The Dictators Handbook

The dictator’s handbook provides a detailed account on how leaders seize and stay in power. Bruce Bueno describes all the underlying factors that influence an autocratic or democratic leader’s ability to maintain control of the state. He states that resource rich countries are generally the most oppressive states in the world because the leader only has to pay of the army to protect him and a small coalition that maintains control of the state resources. Wealthy, educated democracy are the least oppressive. Maintaining democratic rule directly corresponds to the leader’s ability to create effective policy that benefits the majority of her people. Governmental transparency always for the people of a democratic nation to analyze and scrutinize their leader’s abilities and oust him if they believe he doesn’t represent the majority.


Ultimately, Bueno is arguing that autocrats and democrats both are seeking the same thing, maintaining their hold on power. Bueno list three groups essential for a leaders political survival; the nominal selectorate, the real selectorate, and the winning coalition. A leaders political survival depends on his ability to balance the needs of these three groups and various factors influence how each group is treated by the leader. Autocrats, especially in resource rich countries, keep a small winning coalition and real selectorate base. The wealth is distributed only amongst those that have the power to influence the government and its leadership, since resource rich autocrats don’t rely on the people a very small number of people reap the rewards. Democracy different because democratic leaders rely on the good policy and majority approval to maintain their power. Therefore, they must distribute the wealth more uniformly and invest in education, healthcare, and infrastructure. The autocrats who lead a country that isn’t overtly rich in resources walk a thin line between keeping the public happy and maintain their hold on power. Bueno stated that no autocratic country has a university that ranks greater than 200th in the world. This is strategic because a smart citizen is a threat to the winning coalition. They must find a level of education that allows their citizens to perform their job but not question their authority. This autocrats are the most prone to citizen revolt.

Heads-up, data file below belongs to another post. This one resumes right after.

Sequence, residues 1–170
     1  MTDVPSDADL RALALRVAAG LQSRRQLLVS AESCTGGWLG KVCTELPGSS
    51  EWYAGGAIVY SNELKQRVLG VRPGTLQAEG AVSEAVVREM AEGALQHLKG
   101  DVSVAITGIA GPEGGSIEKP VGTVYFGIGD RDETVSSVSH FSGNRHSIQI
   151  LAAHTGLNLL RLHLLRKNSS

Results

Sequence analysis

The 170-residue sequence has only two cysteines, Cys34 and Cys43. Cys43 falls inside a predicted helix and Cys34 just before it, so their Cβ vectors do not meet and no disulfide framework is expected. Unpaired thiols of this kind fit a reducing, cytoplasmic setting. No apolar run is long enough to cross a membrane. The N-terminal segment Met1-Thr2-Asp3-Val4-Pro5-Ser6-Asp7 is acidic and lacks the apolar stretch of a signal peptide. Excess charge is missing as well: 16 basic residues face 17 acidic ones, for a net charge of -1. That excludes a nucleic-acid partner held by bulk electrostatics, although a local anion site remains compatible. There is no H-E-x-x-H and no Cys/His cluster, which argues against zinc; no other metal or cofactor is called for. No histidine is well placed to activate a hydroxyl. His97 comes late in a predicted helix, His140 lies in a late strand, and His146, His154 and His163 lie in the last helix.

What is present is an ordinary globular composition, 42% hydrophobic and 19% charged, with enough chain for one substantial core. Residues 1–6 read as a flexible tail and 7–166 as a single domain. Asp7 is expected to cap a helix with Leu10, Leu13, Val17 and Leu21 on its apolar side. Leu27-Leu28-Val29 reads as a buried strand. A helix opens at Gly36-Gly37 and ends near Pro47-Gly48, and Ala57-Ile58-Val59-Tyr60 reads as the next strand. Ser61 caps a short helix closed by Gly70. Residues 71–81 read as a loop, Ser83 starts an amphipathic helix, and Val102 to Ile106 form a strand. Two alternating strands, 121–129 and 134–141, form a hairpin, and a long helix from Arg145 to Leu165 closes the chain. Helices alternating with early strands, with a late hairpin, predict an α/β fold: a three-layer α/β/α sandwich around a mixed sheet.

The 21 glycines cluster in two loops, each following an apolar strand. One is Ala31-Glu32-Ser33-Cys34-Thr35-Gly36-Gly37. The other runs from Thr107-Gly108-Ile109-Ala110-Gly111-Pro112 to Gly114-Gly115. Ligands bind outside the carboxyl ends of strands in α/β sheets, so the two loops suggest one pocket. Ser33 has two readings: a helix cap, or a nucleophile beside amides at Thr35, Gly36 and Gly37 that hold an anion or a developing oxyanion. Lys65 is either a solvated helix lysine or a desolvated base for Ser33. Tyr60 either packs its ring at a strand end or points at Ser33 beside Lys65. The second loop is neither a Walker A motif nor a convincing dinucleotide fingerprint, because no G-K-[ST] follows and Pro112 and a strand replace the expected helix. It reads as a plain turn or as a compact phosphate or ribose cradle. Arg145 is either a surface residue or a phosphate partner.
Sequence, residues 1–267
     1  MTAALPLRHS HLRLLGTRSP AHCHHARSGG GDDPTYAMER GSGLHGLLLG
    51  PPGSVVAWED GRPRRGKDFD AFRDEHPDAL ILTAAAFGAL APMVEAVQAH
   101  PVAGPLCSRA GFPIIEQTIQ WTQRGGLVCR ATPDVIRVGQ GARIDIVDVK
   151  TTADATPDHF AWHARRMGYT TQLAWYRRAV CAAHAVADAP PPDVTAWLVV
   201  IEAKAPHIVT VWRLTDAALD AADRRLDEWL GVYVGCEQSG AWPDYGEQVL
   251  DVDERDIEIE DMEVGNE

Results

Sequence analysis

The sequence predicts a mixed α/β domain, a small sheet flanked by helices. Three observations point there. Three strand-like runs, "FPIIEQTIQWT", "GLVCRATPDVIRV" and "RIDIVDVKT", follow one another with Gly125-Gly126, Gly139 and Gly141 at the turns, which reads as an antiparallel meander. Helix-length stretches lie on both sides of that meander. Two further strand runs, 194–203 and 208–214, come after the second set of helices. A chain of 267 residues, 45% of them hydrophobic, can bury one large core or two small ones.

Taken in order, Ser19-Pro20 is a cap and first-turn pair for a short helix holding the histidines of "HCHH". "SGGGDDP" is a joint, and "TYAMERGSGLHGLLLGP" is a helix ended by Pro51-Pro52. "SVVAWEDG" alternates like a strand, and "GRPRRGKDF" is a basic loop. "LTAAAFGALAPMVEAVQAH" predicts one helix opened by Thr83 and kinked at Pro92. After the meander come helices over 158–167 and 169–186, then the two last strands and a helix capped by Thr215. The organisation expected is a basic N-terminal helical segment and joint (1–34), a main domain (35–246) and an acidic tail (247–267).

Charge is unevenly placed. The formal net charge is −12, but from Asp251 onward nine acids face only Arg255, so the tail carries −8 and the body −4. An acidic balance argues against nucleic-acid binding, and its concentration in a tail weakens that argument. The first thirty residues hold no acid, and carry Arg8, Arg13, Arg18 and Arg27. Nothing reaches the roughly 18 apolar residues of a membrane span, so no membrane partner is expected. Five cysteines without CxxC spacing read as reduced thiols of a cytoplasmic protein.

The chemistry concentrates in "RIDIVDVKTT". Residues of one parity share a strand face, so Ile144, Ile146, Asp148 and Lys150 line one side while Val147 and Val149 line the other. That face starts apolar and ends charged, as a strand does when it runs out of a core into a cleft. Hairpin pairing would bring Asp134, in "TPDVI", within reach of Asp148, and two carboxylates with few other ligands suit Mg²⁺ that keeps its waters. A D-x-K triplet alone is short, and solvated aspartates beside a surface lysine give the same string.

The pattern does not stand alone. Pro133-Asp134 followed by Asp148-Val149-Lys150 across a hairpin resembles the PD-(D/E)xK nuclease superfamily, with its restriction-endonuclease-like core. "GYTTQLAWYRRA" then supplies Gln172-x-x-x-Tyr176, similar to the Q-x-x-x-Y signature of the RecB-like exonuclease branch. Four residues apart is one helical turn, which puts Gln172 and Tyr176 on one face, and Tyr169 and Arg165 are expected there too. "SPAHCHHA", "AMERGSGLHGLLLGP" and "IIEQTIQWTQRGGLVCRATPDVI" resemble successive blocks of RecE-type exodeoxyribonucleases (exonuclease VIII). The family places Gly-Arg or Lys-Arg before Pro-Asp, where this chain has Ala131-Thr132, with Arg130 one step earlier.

4 thoughts on “The Dictators Handbook

  1. A question that I find interesting in response to this book is whether or not we should subscribe to the idea that all leaders, both autocratic and democratic, exclusively care about political survival and nothing else. Empirically it sure feels that way – genuine compassion for people is a foreign attribute for most politicians, and those who have an interest in making a change for the common good aren’t usually the ones that make it out of the political arena alive. However, it does seem that in a democratic system, there’s at least more room for compassion and positive change to operate. In this regard, I think it’s interesting to consider whether or not this idea that democrats and autocrats are fundamentally equal when deconstructed to their core principles is ultimately true.

    • That’s a really tough question, is it human nature to be greedy and pursue self-interests when in a position of power or to be emphatic and compassionate? Unfortunately, it seems to be the former of the two. “Absolute power corrupts absolutely” and we’ve seen it throughout history. Their is definitely more room for altruism and compassion within the democratic system, but maybe that is only because their power is being constantly checked by other branches and an educated electorate.

  2. Of course autocrats do not want their people to have adequate knowledge and the ability to question their authority and turn the masses against them. Whatever they will do to keep the people subservient to them is where the interest lies, because “knowledge is power.” Also any revolt in the country will result in mounted pressure from the international community for them to step down. So they will continue providing education, but it wouldn’t be what will change their thinking about some of the things their governments do or they experience.

  3. I agree with you argument that “The autocrats who lead a country that isn’t overtly rich in resources walk a thin line between keeping the public happy and maintain their hold on power” and I commented on Fatima argument too.This argument is advanced in many countries and showed how difficult to walk in the thin line.

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